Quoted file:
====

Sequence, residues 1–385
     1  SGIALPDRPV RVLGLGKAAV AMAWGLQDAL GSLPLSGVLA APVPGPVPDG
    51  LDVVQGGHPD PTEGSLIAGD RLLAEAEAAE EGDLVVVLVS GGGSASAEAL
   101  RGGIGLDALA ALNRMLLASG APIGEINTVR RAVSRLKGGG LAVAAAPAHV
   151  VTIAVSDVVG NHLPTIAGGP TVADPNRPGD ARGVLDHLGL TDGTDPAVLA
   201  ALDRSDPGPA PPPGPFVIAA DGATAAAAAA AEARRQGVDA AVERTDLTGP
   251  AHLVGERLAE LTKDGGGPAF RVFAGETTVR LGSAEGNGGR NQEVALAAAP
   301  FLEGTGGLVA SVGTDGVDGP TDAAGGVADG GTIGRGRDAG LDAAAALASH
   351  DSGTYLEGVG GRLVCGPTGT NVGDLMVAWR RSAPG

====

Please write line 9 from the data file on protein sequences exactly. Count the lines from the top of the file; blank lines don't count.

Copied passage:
   351  DSGTYLEGVG GRLVCGPTGT NVGDLMVAWR RSAPG